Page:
What Graham did was to ignore the wishes of the people he swore to serve, and to advocate policies that would harm them – would, in fact, drive many of them out of the middle class – because that was what was wanted by another constituency, much smaller but much more important to him.
    I’ve heard that sort of thing referred to in a lot of ways, but never until now have I heard it called “courage.”

  6. Doug Ross

    Even a moron jumping off a 90 foot cliff could be called “courageous”… stupid but “courageous”. Lindsey Grahamnesty was not elected to be courageous. He was elected to vote on behalf of the people of South Carolina. If he can’t do that, maybe he should go be courageous somewhere else.
    As for McCain, the wheels fell off that bus weeks ago. He’ll be lucky to be in the race in February.

  7. Uncle Elmer

    Brad, I don’t equate courage with competence or brains. If Lindsey Graham wants to go baiting the uber-conservatives here in SC, well fine yeah he must be brave…but is it also smart? This stance hasn’t advanced the cause of resolving the problem of illegal immigration. In fact it’s shoved back now, maybe for a long time. This was a failure. If he was attempting to lead on this issue he wasn’t eloquent enough.
    McCain falls in the same category to me. Has it occurred to you that stubborn, “political courage” is actually the easy way out sometimes? It can be as reflexively non-thinking as the raw partisanship we can expect from Jim DeMint.
    Give me a politician who can broker a deal any day over courageous ideologues.

  8. Weldon VII

    I say, Brad. Your sycophant support of Lindsey Graham makes my teeth hurt. Who else but you appreciates the “courage” it takes to toe the Bush line and support a bad bill?

  9. Doug Ross

    “Buenos Dias! You have reached the office of Senator Lindsey Graham. Press 1 for assistance in Spanish. Otherwise, hang up you racist bigot. Muchas Gracias!”

  10. ed

    McCain was on the losing side in this debate because he was wrong and it was gratifying to see the citizenry in this country listened to for once. Period. To call McCain courageous because he stuck with a loser til the end and then didn’t whine about it too much is quite a stretch Brad. But then, you’re support for him is psychopathic and frankly pretty weird, so your finding him courageous is in character for you, I suppose. I am fantastically glad that he, you and butt boy Grahamnesty lost this one. And I don’t consider his actions courageous, just sad.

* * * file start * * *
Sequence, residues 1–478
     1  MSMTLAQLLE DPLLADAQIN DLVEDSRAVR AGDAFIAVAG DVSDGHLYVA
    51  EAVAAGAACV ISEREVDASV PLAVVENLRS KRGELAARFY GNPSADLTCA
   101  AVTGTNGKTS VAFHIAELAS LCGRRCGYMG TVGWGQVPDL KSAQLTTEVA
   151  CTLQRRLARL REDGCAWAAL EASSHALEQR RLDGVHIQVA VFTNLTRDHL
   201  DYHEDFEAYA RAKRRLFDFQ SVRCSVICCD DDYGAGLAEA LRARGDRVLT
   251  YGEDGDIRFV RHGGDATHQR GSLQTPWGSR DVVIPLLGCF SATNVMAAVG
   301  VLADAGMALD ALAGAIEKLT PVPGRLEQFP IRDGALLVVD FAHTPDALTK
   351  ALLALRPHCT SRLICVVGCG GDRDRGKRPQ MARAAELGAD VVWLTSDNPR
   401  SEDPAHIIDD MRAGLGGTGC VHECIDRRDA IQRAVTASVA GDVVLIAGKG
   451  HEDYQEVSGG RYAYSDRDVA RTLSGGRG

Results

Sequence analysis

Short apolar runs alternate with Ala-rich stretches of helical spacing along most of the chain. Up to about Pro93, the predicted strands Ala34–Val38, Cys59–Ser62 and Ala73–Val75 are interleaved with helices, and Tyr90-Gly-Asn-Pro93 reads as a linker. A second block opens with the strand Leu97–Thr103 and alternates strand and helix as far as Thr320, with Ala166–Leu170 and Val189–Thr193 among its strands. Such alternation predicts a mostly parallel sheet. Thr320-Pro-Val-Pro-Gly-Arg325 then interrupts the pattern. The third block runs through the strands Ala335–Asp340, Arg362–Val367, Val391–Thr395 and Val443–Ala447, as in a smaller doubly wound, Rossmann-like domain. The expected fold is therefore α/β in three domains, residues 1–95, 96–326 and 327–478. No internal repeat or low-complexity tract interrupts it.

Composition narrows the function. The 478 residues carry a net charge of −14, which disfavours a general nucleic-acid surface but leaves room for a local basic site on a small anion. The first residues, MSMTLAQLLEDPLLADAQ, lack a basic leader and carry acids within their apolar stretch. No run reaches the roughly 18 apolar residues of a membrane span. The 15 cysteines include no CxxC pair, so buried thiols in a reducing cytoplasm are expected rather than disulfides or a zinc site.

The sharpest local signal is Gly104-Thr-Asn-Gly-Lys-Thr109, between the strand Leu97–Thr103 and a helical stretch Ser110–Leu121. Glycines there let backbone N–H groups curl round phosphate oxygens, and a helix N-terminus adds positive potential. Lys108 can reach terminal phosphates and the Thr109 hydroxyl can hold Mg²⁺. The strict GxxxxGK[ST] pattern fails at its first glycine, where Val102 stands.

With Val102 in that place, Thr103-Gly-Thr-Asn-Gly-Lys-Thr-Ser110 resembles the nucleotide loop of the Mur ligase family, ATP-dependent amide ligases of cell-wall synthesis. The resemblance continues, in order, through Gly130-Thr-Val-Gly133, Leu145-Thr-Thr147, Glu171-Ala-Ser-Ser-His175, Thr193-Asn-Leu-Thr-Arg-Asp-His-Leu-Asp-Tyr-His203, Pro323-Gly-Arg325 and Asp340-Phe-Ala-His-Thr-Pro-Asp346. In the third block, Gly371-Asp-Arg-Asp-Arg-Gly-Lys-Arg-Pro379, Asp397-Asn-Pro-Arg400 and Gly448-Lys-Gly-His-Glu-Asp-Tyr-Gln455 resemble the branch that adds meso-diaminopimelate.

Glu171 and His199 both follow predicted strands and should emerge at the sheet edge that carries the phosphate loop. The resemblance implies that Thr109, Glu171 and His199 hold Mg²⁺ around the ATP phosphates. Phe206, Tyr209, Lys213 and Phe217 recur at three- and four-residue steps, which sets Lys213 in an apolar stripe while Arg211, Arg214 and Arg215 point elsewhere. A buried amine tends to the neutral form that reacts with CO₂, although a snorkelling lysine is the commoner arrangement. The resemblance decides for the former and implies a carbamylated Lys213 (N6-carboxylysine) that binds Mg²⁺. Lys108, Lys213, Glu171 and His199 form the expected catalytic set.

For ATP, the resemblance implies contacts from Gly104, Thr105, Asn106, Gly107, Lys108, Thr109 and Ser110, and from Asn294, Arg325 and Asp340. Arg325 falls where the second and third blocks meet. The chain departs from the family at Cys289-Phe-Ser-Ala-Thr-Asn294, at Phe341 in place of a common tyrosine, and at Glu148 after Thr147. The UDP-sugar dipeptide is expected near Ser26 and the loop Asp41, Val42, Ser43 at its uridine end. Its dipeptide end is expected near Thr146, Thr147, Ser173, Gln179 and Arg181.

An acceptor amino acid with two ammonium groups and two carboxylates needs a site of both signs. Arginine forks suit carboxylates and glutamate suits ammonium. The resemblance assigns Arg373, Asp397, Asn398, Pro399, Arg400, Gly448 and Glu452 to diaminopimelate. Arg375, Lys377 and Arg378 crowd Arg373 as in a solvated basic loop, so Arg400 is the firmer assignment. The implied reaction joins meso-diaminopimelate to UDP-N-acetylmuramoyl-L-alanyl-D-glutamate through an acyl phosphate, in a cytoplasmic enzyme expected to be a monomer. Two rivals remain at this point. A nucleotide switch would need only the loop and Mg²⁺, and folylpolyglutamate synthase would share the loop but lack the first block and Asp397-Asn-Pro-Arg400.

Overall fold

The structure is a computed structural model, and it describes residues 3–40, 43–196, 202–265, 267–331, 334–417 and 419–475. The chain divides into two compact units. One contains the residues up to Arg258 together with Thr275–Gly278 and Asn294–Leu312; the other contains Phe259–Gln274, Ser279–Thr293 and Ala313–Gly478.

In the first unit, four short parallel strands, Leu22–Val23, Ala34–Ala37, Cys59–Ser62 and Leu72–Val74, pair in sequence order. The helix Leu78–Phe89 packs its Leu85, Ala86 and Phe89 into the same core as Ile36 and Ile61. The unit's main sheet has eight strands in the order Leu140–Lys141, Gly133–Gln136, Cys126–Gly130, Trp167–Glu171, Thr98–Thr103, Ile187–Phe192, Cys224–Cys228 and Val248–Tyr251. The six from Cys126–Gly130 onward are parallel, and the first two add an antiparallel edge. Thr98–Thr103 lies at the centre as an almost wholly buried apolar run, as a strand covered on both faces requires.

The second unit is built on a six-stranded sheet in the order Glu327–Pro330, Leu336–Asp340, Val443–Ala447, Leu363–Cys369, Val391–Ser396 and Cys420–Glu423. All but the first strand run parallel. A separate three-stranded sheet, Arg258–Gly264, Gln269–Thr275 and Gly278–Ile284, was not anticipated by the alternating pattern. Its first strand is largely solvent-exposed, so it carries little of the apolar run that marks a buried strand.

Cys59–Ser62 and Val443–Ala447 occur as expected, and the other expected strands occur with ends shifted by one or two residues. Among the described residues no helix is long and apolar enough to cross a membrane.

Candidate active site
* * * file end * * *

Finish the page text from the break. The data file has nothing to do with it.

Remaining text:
Hal Jordan seems right about this, there DO seem to be two constituencies…one that Grahamnesty cares about and one he doesn’t. I am in the one that votes in senate races, and NOT in the one that he cares about, apparently. I think Hal is correct, but I don’t understand who the other constituency is. Guess I’m too dull. I know one thing though: I intend to be very clear and calculating when I vote against him in next years’ senate race. Ed

  11. Hal Jordan

    The constituency the Republican Party cares about is people like this, Ed, people like this:
    “I don’t know where opponents of this bill think we’re going to get all the labor to run our businesses,” said Harrah’s senior vice president, Jan Laverty Jones, a former mayor of Las Vegas. “This affects everyone.”
    That’s the sort of people the Republican Party cares about, Ed, people and businesses who have enough money to make large campaign contributions to Republican candidates. Those people want a reliable supply of cheap labor, and the fact that you tend to vote for Republican candidates and have your own needs and interests, and expect the candidates you vote for to look out for your interests, matters to the Republican Party not at all. Your vote matters to them, Ed, your opinion doesn’t. They care about Harrahs, who needs a reliable supply of low-wage housekeepers. They don’t care about you.